Brian F. Connolly (1887-1969)

Brian greatly contributed to the sustainability of the Blackfeet Tribe. He served on the Blackfeet Tribal Business Council for over twenty years and actively worked for the well-being of its tribal members. He witnessed families who became deeply in debt when they honored family members with a decent funeral. When the Blackfeet Tribe settled a major treaty dispute, Brian successfully advocated using a portion of the settlement funds to establish a burial fund for tribal members. His vision of what is known today as "purple insurance" continues to offset funeral expenses for all enrolled tribal members.

He was well known for his honesty and concern for others but he had little patience for those who exploited their fellow tribal members. He also was known for the stewardship of tribal funds and consistently voted against dishonest deals. He thought that tribal income should be spent for land purchases or for per capita payments to individual tribal members. Brian led a faction that opposed what they viewed as the Bureau of Indian Affairs undue encroachment into tribal affairs and had an ongoing correspondence with Senator Mike Mansfield about questionable bureau dealings. Although he was not always liked by other council members, he was elected again and again by the people.

Brian F. Connolly was born February 2, 1887 on the Shonkin, near Fort Benton, Montana. His parents, Joseph and Angeline (Cobell) Connolly moved to the Blackfeet Reservation around 1895 and settled on her allotted land on Willow Creek in the Meriwether area, between Browning and Cut Bank. His father was an Irish immigrant and his mother was of Italian and Blackfeet descent.

Brian attended a local day school, St. Peter’s Mission and Fort Shaw Indian Schools in Cascade County and Carlisle Indian School in Pennsylvania. In his younger years, he worked as a cow puncher for the Fry Cattle Company, which leased land on the Blackfeet reservation.

He married Ida Johnson on February 21, 1912 and they moved to the family's Willow Creek ranch. They raised a family of eleven and took in other children who needed care or a place to stay. In later years, their home was usually filled with grandchildren visiting during weekends or holidays. Everyone were expected to pitch in regarding all aspects of work on the ranch.

His family faced hard winters and then the years of the Dirty 30’s depression. To supplement ranch income, he took on paying jobs including grading the highway with horse-drawn equipment. He sold cream to the Cut Bank dairy that was shipped from his ranch via the Great Northern Railroad and supplied milk to the local day school.

During the hard winter of 1919, many area ranchers lost nearly all their stock but Brian was one of a few that sustained his ranch during these hard times. He had stocked up with hay and was even able to take in some starving cattle from North Dakota. He acquired land that sustained his cattle and horse herds, initiated cross-breeding and diversified crops.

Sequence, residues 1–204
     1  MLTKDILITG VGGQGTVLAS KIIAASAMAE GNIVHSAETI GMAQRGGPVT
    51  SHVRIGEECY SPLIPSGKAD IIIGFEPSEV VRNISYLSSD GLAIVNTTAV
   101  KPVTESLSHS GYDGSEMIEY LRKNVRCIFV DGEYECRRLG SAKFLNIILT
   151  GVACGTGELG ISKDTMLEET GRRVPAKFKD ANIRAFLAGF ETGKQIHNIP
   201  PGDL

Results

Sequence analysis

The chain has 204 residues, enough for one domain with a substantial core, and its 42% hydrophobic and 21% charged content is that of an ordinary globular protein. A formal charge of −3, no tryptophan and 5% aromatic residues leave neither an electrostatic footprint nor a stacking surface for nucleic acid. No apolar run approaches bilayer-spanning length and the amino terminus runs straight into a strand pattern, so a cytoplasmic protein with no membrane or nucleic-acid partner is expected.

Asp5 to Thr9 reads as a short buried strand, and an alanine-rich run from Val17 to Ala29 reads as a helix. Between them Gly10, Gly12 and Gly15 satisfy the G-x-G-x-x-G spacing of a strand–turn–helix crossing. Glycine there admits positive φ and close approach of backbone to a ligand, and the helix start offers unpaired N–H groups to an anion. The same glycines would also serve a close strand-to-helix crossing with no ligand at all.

Over the years, Brian established a substantial cattle herd and many horses. Because of this, the United States Government issued Brian and six other reservation ranchers thoroughbred stallions for breeding to their mares for U. S. Calvary horses. They had to be “rough-broke” to three gaits, which his older children helped to train. Brian sold his horses that didn’t meet Calvary specifications to a Polo Pony Company in Oregon and some as bucking stock. The Connolly family continued to provide stock for area rodeos for many years.

He was one of the first ranchers to crossbreed which was not as accepted as it is today. Every five years, he crossed his Hereford cattle with the Shorthorn for weight. To his critics he said, “The meat tastes the same.” He bred a Percheron stud for work horses on the ranch. From this herd, he supplied ten teams to his brother-in-law, Jim Johnson's crew that worked on the construction of the Going to the Sun Highway through Glacier National Park. He was paid $2.00 each.

Brian remained active with the ranch business up until he passed away June 26, 1969. A reflection of his legacy is that many of his descendants continue to work the land that he arduously developed.

The tribute published in the Glacier Reporter, a local newspaper, truly reflects his influence and inspiration to others. Charlie and Marie Fisher cited a passage from the book, “Profiles in Courage” by John F. Kennedy to recognize Brian’s life's work. The text of their tribute is included here.

“Because of your recent retirement from the Tribal Council and because of your fair and impartial devotional service to the welfare of the whole Blackfeet Nations, we, to show our admiration and to give thanks, dedicate the following quotation taken from a book which was dedicated to men of political courage of whom you are one...

In whatever arena of life, one may meet the challenge of courage, whatever may be the sacrifice he faces if he follows his conscience – the loss of friends, his fortune, his contentment, even the esteem of his fellow men – each man must decide for himself the course he will follow.

Thus, you gave hope, provided inspiration and you taught us well. Men with your principles are few, are seldom awarded medals, or are dedicated monuments to, but the common people remember your dedicated service to this community. We thank you, Mr. Connolly. We hope you will inspire the same hope, the same courage, and the same honesty in some of our new Tribal Council members. Otherwise we forever be lost.”


Nora Lukin personal family memories

Charles J Connelly personal memoirs

Glacier Reporter, Browning, Montana